Stephen King doesn’t always carry over to the screen that well, and you end up with The Lawnmower Man. Other times, as is the case with The Shawshank Redemption, viewers are treated to one of the greatest movies of the decade.
Gerald’s Game, now on Netflix, likely won’t be remembered as one of the greats, but it’s still a damn fine film.
Carla Gugino is a significant reason why. Much of her acting is done alone, or talking to an image of herself, and she is outstanding in her frantic portrayal of “Jessie.” The IMDB description: “While trying to spice up their marriage in their remote lake house, Jessie must fight to survive when her husband dies unexpectedly, leaving her handcuffed to their bed frame.” Gugino’s top-notch performance of a woman’s desperate attempt to survive is what sells the movie to the viewer.
Bruce Greenwood, 61, plays Jessie’s husband, and he lights up the screen as well; I can’t believe how great his physique looks at that age. Broad shoulders, perky pecs, rippling midsection. Knowing he was going to spend most of the film in nothing but a pair of underpants, he must have hit the gym hard and dialed his diet tight. He’s an inspiration to every aging man who wants to stay in shape.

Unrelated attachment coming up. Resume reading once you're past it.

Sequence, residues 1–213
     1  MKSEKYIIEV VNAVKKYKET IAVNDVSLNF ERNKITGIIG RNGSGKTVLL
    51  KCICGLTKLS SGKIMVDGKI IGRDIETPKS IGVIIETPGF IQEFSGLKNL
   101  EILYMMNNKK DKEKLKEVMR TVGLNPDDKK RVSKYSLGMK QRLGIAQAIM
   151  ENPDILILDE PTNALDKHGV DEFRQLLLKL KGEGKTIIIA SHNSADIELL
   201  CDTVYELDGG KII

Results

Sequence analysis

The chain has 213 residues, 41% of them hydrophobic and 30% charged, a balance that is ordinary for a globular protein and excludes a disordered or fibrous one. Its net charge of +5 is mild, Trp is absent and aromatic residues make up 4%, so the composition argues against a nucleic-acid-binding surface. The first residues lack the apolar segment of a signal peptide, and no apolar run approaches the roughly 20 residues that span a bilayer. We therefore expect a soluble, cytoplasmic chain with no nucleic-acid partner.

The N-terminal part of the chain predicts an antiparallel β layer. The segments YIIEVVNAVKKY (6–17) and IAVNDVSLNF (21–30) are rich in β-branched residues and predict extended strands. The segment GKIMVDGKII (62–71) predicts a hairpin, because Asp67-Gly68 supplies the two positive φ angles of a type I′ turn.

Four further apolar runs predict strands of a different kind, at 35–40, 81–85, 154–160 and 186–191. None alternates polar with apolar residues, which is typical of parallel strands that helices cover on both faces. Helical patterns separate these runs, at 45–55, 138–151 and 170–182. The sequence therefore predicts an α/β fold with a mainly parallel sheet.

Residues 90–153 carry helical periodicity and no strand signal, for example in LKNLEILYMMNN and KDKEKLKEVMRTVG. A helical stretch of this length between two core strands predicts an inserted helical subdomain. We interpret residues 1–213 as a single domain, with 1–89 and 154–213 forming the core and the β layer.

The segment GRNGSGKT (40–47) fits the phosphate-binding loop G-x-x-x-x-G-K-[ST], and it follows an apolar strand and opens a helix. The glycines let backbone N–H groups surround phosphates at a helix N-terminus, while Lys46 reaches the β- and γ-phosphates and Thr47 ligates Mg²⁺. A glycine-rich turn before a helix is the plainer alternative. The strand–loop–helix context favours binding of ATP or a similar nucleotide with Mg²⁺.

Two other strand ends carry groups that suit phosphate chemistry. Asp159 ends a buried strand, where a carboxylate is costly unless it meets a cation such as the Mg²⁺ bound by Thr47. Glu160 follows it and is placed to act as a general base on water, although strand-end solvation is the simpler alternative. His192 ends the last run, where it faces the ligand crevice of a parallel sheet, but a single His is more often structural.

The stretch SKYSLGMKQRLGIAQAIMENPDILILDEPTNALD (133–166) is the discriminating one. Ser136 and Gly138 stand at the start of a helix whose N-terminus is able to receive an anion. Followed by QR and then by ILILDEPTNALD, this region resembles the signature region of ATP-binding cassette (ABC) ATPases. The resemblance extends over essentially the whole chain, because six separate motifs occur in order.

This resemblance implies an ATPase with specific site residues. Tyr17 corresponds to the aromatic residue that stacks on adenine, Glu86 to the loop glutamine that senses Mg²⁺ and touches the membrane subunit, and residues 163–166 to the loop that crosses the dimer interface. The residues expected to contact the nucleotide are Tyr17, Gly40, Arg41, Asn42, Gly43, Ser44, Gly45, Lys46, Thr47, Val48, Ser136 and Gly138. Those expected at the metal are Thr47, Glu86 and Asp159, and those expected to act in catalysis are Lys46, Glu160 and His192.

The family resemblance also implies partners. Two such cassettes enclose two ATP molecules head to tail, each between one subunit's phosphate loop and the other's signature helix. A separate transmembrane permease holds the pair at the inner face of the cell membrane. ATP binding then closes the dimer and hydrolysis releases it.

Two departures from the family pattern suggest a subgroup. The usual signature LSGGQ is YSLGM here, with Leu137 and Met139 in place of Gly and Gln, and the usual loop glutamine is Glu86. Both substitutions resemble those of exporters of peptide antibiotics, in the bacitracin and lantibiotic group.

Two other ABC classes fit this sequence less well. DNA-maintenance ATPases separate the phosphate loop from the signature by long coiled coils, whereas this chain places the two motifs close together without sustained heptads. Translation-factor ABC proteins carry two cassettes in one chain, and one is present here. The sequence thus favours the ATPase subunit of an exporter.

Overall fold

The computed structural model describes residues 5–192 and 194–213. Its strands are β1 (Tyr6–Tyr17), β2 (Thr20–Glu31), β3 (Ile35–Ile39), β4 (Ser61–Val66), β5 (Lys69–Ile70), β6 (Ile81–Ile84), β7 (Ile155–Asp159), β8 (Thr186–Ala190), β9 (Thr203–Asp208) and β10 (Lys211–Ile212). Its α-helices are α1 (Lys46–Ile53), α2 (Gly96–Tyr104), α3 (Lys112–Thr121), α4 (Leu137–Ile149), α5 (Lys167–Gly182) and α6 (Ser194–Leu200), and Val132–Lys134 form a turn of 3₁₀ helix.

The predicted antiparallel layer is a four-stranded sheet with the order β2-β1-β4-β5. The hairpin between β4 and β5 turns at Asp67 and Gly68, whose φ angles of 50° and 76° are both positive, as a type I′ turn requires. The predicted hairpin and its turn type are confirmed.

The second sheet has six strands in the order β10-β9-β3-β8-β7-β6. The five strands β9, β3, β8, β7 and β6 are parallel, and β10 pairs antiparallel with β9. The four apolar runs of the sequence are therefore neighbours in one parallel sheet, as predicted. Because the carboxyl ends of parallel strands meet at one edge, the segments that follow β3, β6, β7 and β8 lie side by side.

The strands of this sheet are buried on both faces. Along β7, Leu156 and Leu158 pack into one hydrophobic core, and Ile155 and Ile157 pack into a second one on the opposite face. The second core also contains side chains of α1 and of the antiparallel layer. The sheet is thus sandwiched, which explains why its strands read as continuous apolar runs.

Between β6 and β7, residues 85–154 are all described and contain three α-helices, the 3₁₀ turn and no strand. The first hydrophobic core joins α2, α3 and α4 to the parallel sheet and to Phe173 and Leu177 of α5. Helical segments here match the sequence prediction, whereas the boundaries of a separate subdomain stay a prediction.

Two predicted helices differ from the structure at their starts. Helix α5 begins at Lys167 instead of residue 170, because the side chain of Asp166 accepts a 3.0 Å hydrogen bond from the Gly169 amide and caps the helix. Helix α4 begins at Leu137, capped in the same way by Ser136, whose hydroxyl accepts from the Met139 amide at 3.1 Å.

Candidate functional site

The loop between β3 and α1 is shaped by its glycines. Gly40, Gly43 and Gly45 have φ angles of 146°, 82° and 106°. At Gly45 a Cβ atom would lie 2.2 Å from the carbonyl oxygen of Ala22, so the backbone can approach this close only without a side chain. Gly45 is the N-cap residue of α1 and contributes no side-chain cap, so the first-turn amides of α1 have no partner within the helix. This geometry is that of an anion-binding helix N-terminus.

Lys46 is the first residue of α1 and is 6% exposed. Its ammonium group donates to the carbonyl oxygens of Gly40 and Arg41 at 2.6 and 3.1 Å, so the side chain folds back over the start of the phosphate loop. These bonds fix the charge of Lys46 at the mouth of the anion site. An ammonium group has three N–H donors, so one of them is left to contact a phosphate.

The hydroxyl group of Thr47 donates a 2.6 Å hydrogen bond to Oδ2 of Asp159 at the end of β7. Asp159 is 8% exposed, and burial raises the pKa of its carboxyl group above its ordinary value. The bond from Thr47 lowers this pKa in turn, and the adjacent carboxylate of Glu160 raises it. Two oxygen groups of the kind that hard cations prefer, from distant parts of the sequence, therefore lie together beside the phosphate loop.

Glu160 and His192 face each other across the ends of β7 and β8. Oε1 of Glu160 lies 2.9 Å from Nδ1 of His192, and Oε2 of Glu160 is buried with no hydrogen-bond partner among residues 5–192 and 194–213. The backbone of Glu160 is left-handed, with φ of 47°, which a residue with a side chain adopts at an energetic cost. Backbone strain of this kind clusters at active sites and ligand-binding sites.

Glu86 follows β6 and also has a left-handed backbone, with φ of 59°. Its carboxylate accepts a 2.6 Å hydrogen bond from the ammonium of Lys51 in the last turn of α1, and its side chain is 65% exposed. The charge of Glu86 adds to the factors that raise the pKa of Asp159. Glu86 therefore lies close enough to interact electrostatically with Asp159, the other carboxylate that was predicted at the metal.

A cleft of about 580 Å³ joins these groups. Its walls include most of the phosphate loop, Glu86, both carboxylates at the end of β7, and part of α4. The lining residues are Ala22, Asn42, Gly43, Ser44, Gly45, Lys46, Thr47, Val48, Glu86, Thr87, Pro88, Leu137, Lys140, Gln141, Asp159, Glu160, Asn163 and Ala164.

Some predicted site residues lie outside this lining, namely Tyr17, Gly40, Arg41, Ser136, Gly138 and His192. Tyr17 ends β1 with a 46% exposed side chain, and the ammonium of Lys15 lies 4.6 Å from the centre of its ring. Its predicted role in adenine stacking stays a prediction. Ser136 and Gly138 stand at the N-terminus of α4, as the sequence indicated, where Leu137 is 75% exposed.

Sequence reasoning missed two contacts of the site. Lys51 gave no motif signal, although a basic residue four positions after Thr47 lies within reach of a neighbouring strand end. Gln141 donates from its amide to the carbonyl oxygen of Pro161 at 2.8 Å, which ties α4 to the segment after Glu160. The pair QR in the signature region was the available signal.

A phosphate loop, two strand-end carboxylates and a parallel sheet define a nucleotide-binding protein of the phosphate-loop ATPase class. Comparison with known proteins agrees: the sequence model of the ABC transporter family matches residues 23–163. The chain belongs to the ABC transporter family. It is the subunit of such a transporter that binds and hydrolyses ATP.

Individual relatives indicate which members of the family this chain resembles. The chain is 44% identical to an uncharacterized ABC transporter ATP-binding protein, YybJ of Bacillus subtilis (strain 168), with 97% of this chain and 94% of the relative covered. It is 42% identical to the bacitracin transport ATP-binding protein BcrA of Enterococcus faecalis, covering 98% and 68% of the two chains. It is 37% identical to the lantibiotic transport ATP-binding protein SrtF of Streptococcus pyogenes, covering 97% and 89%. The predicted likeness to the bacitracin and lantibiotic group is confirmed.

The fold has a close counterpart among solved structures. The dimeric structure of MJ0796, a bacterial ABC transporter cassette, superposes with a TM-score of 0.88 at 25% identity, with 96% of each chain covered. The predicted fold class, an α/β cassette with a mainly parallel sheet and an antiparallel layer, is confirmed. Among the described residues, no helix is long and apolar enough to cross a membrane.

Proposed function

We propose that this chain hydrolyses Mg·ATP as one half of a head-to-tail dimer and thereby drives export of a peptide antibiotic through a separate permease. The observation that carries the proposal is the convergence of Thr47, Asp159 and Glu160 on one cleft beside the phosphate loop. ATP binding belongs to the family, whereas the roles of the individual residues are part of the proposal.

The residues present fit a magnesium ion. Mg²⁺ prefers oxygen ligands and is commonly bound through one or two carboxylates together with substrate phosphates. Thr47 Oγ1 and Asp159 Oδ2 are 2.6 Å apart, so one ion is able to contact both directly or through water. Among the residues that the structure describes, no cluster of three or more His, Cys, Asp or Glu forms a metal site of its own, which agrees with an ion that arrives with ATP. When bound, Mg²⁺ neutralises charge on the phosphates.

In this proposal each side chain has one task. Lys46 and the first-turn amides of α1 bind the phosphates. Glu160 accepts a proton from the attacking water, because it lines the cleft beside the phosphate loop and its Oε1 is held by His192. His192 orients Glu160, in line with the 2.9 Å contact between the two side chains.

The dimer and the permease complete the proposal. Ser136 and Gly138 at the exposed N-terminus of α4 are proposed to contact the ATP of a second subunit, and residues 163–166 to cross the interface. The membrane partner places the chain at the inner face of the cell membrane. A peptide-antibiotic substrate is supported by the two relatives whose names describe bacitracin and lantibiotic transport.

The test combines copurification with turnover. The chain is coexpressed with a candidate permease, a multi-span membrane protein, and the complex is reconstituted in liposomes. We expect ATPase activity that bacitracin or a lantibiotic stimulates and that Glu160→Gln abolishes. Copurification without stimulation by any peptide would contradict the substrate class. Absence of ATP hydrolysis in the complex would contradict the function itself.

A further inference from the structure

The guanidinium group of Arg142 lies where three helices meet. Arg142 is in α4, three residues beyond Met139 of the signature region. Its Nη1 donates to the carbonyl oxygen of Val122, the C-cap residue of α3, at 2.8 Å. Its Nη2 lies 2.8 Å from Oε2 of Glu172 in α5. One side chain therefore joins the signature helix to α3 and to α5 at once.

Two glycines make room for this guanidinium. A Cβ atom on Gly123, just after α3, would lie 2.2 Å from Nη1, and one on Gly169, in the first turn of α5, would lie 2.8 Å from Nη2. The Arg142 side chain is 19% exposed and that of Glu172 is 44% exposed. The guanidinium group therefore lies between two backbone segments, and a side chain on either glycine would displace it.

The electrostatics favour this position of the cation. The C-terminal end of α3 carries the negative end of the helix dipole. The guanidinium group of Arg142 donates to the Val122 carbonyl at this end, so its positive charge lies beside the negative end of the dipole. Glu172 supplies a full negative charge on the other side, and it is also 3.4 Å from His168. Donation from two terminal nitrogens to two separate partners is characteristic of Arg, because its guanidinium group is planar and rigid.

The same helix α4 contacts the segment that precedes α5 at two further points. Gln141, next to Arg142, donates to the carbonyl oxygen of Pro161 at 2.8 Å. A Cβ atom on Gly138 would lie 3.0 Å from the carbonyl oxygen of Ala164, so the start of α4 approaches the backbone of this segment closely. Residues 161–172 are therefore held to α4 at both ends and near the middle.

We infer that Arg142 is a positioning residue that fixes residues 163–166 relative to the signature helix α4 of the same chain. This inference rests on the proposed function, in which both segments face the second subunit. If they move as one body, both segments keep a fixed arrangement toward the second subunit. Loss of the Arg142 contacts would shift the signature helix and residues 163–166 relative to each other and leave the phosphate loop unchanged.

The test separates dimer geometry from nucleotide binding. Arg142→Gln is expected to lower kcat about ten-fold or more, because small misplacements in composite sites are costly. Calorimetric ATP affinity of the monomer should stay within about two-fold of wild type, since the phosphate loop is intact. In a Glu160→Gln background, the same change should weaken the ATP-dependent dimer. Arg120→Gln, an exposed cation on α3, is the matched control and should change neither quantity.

Notice anything strange about the previous two paragraphs? Regarding Carla, all my compliments are about her acting skill, but for Bruce it’s just about how he looks. And yes, Carla looks amazing. She spends much of the movie in a revealing nightgown. And I’ve admired Bruce’s acting since I first watched every episode of Nowhere Man in the early 90s.
Such a reversal can be jarring, because we live in a society where men are often lauded for their skills, abilities, knowledge, and accomplishments, whereas with women much more attention is paid to how they look.